Craigslist sex prankster slapped with $75k lawsuit

Craigslist sex prankster slapped with $75k lawsuit

Craigslist is a popular free online website where people can advertise or seek information about jobs, personals and goods and services. Over two years ago, Jason Fortuny posted a fake ad on Craigslist, claiming that he was a female bondage enthusiast looking for someone “to give intense pain and discipline.” He then took the 178 responses that he received, 145 of which included revealing photos of men in various stages of undress, and posted them online without alteration, including email addresses and phone numbers.

While there are obvious ethical implications over the safety of personal information in responding on Craigslist, there are very important legal implications. Who owns the rights to a photo sent via email? Did Fortuny have the right to publish this material?

His victims did not believe so and one is suing him for $75,000, citing that Fortuny "acted with actual malice to harm and deceive the individuals responding to the Craigslist ad." The legal issues here are complex. Lawyers generally seem to agree that the sender of an email owns the copyright of the messages.

However, Fortuny argues that he has “fair use” of the photo since it was published in a “thumbnail” form and also claimed that the whole thing was a social research project of his own curiosity to see who would respond to the ad.

If this would have occurred in one of Craigslist’s Canadian cities, rather than Seattle, it would be a very interesting case. Under Section 29 of the Copyright Act, Fortuny can attempt to argue that his use of the responses can be justified under the enumerated grounds of research or private study or under criticism or review, since he published both the source and the name of the author.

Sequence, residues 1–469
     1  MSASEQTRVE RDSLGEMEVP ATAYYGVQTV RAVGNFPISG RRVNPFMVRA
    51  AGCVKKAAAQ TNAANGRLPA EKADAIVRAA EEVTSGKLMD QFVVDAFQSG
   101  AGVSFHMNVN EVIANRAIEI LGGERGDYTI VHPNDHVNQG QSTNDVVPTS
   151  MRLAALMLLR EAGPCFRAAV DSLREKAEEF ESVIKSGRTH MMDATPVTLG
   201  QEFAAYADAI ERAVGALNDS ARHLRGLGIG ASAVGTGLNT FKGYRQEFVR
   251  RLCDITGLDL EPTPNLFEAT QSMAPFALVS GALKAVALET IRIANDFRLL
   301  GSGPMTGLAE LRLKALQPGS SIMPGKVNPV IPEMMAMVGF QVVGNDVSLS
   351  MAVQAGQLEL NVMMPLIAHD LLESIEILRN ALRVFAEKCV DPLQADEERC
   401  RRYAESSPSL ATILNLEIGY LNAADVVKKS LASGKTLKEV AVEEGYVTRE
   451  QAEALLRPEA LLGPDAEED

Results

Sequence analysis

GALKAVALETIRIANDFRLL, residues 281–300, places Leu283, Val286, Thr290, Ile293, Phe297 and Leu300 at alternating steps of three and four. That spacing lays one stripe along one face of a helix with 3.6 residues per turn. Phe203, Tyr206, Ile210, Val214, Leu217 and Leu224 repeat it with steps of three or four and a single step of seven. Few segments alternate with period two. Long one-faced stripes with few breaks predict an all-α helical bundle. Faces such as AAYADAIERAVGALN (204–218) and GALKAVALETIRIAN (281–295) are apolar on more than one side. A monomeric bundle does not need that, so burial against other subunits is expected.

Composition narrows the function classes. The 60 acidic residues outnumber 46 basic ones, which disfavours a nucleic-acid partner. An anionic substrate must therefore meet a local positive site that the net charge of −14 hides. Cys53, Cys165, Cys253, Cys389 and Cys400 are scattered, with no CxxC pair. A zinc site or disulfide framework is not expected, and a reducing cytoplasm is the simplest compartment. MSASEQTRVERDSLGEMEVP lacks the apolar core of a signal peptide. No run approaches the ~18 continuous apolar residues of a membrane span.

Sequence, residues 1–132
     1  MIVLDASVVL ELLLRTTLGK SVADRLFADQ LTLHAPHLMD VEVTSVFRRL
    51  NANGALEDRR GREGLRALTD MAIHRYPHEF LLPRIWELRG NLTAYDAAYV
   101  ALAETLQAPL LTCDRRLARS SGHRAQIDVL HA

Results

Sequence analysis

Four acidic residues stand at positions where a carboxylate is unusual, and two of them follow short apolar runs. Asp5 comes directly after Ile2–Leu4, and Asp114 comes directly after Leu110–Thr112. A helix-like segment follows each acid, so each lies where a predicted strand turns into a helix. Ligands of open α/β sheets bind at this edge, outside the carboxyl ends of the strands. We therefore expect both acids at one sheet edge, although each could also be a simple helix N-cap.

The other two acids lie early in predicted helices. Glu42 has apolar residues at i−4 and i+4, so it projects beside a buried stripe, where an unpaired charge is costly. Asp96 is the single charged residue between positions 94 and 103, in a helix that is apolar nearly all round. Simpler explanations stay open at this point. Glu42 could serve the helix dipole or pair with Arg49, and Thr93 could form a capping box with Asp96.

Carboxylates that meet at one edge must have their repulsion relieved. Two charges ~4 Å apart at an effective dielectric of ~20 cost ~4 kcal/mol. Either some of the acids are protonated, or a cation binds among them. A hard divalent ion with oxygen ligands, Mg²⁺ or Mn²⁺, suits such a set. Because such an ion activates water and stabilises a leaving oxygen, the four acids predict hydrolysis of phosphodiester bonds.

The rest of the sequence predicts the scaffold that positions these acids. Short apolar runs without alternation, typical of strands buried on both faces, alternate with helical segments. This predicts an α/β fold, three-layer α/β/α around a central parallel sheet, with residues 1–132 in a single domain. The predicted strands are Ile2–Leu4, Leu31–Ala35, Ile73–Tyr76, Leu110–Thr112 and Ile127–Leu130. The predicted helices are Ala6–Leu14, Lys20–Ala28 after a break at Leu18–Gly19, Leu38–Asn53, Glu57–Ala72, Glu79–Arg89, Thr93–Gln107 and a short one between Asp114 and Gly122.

However, his victim could argue that their moral rights under Section 14.2 would have been infringed. Under attribution, the sender of the email to Fortuny has the right to be known as the author of that work or the right to anonymity if the author wishes to remain anonymous. It is evident here that the author wanted this right to anonymity and for his email and the corresponding picture to not be widely circulated online to the general public. However, in CCH, the court ruled that research and private study fell under the provisions of fair dealing. Fortuny could attempt to argue that his “research” could justify these violations.

While Canada has set out a list of enumerated purposes, Section 107 of the U.S. Copyright Code contains an open list of purposes. The U.S. approach has been flexible, and allowed more certainty in the use of copyright material. Purposes such as criticism and research are not an infringement of copyright. Fortuny could also argue that he has a right to parody under Campbell, as his reposting and commentary of the responses would be doing just that.

In either instance, the best advice is to be careful what you post or send online, it may just come back to haunt you!